Christchurch, New Zealand
CHRISTCHURCH, NEW ZEALAND, a city near the east coast of South Island, New Zealand, to the north of Banks Peninsula, in Selwyn county, the capital of the provincial district of Canterbury and the seat of a bishop. Pop. (1906) 49,928; including suburbs, 67,878. It stands upon the great Canterbury plain, which here is a dead level, though the monotony of the site has been much relieved by extensive plantations of English and Australian trees. A background is supplied by the distant mountains to the west, and by the nearer hills to the south. The small river Avon winds through the city, pleasantly bordered by terraces and gardens. The wide streets cross one another for the most part at right angles. The predominance of stone and brick as building materials, the dominating cathedral spire, and the well-planted parks, avenues and private gardens, recall the aspect of an English residential town. Christchurch is mainly dependent on the rich agricultural district which surrounds it, the plain being mainly devoted to cereals and grazing. Wool is extensively worked, and meat is frozen for export. Railways connect with Culverden to the north and with Dunedin and the south coast, with many branches through the agricultural districts; also with Lyttelton, the port of Christchurch, 8 m. S.E. There are tramways in the city, and to New Brighton, a seaside suburb, and other residential quarters. The principal public buildings are the government buildings and the museum, with its fine collection of remains of the extinct bird, moa. The cathedral is the best in New Zealand, built from designs of Sir G. Gilbert Scott in Early English style, with a tower and spire 240 ft. high. Among educational foundations are Canterbury College (for classics, science, engineering, etc), Christ's College (mainly theological) and grammar school, and a school of art. There is a Roman Catholic pro-cathedral attached to a convent of the Sacred Heart. A large extent of open ground, to the west of the town, finely planted, and traversed by the river, comprises Hagley Park, recreation grounds, the Government Domain and the grounds of the Acclimatization Society, with fish-ponds and a small zoological garden. The foundation of Christchurch is connected with the so-called "Canterbury Pilgrims," who settled in this district in 1850. Lyttelton was the original settlement, but Christchurch came into existence in 1851, and is thus the latest of the settlements of the colony. It became a municipality in 1862. In 1903 several populous suburban boroughs were amalgamated with the city.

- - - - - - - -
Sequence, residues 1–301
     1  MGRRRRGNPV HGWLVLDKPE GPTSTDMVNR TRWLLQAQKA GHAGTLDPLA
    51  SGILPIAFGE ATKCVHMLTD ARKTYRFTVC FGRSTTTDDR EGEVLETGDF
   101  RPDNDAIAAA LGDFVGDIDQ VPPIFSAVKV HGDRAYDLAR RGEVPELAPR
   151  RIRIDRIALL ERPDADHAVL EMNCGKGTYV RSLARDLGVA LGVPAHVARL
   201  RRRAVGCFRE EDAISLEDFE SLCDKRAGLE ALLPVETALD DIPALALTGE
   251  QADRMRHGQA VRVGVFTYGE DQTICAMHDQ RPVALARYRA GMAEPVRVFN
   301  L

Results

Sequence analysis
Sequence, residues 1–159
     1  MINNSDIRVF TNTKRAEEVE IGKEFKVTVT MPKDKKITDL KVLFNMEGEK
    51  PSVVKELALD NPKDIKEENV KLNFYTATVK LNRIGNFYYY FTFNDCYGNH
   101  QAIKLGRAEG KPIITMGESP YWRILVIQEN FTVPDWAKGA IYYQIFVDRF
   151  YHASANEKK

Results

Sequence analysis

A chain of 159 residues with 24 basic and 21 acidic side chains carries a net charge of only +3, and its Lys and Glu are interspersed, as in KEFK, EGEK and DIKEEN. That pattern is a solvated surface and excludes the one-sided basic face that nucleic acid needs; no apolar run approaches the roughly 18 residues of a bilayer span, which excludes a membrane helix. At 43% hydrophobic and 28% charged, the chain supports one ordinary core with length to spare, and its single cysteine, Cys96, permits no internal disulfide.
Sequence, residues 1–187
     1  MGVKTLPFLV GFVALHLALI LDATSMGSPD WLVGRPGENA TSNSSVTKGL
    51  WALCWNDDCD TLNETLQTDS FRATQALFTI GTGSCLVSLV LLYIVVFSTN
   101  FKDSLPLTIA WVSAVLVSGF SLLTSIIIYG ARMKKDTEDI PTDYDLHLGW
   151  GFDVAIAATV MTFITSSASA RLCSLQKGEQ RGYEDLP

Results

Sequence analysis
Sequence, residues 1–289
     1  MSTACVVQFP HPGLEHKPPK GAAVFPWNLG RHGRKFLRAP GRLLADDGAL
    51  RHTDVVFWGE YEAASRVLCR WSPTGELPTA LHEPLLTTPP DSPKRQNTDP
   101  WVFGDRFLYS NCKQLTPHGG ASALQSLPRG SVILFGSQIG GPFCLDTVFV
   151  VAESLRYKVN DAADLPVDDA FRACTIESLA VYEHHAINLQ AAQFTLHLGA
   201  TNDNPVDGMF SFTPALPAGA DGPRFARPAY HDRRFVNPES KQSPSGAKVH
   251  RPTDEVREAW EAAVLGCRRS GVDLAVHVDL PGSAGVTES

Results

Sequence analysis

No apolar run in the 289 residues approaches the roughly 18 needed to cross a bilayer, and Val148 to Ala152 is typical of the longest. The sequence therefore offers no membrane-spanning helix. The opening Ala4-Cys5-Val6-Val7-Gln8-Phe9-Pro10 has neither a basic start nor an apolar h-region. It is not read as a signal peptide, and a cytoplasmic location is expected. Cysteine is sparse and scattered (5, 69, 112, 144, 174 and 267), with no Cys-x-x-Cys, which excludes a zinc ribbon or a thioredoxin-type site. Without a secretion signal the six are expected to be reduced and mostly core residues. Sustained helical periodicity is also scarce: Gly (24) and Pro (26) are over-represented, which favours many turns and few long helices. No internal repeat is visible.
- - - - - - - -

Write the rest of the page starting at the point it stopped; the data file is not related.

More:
Note - this article incorporates content from Encyclopaedia Britannica, Eleventh Edition, (1910-1911)